The coronavirus-related losses that can reduce tax bills
Although the country needs all the tax it can get at the moment, that doesn’t mean the capital tax rules will always ignore fairness. The best example of this is inheritance tax on the estate of someone who has died.
Lower inheritance tax bills that reflect losses in value
Inheritance tax is based on the value at assets at death. However, it can take time for probate to be granted and executors to sell the assets. These delays may be even more pronounced due to government lockdown measures and the economic impacts of the coronavirus pandemic.
Thankfully, the law recognises that it would be unfair to pay inheritance tax on the value of the assets at death if the assets subsequently fall in value. As such, for shares and property sold within a year and four years, respectively, it is possible to make a claim for the inheritance tax to be based on the sale price, if lower, than the value at death.
If property values decrease, you can claim ‘fall in value relief’ on gifts
Assets that are gifted within the seven years before death can incur an additional inheritance tax charge. Usually when this happens, these assets – typically shares or property – will be brought into the calculation of the inheritance tax charge on death at the value they held when they were gifted.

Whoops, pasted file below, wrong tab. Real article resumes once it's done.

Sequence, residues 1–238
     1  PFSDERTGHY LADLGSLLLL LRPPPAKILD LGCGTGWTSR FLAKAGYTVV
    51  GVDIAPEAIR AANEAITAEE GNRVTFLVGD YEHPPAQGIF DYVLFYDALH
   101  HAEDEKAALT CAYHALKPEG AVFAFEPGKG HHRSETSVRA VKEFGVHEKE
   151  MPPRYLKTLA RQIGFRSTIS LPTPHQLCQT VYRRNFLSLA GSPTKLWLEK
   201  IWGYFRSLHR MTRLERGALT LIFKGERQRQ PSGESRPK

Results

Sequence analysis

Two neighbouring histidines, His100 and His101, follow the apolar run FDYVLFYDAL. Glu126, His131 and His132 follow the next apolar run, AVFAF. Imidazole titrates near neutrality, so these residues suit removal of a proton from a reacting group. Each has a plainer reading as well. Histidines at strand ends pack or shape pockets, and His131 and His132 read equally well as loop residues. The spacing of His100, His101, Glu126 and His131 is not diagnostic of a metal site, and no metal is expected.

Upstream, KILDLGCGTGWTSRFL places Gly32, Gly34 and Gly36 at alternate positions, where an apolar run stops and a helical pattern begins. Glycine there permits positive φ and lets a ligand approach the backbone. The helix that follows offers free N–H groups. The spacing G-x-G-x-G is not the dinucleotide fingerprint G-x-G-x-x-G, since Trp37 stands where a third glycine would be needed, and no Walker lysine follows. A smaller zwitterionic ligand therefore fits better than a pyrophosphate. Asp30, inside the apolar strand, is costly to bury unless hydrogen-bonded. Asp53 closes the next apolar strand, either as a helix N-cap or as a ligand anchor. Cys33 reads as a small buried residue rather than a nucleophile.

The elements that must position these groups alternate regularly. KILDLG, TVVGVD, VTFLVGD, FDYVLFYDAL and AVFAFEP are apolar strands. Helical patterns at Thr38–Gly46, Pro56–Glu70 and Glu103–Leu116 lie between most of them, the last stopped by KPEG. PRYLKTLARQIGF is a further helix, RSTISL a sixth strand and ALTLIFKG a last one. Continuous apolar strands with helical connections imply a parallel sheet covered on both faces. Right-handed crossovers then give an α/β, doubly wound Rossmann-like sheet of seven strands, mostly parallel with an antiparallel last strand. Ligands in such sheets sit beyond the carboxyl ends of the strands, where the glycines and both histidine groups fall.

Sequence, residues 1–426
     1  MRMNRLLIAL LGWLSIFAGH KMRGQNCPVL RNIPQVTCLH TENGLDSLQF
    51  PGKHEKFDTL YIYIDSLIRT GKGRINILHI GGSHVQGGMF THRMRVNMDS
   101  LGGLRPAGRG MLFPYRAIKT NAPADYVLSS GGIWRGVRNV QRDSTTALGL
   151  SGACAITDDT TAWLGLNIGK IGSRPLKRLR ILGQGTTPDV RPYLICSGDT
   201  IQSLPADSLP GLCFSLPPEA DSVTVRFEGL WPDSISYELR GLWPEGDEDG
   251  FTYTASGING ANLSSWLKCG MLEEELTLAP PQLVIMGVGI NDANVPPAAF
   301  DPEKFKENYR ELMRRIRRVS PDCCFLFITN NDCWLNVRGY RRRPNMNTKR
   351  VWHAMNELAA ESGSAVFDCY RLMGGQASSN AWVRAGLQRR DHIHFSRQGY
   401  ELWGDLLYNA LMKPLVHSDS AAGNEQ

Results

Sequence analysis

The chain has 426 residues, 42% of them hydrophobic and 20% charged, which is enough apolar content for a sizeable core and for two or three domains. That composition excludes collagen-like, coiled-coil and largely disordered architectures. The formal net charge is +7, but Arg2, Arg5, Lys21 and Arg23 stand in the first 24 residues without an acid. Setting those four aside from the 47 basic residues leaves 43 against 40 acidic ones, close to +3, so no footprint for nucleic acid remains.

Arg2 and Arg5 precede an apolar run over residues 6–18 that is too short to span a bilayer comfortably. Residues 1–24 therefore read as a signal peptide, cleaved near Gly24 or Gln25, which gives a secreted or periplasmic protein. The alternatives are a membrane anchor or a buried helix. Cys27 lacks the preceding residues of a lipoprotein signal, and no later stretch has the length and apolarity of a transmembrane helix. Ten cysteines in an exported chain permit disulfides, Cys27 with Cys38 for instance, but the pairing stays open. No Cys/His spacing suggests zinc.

However, a fall in value relief may be claimed when the value of the gifted property has decreased since the date of the gift.
Capital losses can offset your capital gains tax bill
This tax year everybody has an annual capital gains tax (CGT) allowance of £12,000. This means you only pay CGT on gains exceeding this amount.
Where you have assets, most notably stocks and shares, they may now be worth less when you sell them than when you bought them. If so, you will have a relievable capital loss.
This may be particularly helpful if you have made or expect to make capital gains in excess of the £12,000 annual exemption this tax year.
These capital losses could reduce your overall capital gains tax bill by up to £2,800 per £10,000 of relievable loss. Furthermore, capital losses which can’t be offset against gains this year can be carried forward into future tax years.
However, if the same shares that have been sold are re-purchased within 30 days, the capital loss is not relievable. Professional advice should be taken regarding any subsequent re-investment of the sale proceeds.
Plan your gifting
Additionally, given the current Covid-19 restrictions where many weddings are being postponed or cancelled, it’s worth bearing in mind (if you are planning to contribute when these events are reorganised), there is no tax on wedding or civil partnership gifts up to £5,000 to your children and £2,500 to your grandchildren.
Julia Rosenbloom is partner at financial and professional services group, Smith & Williamson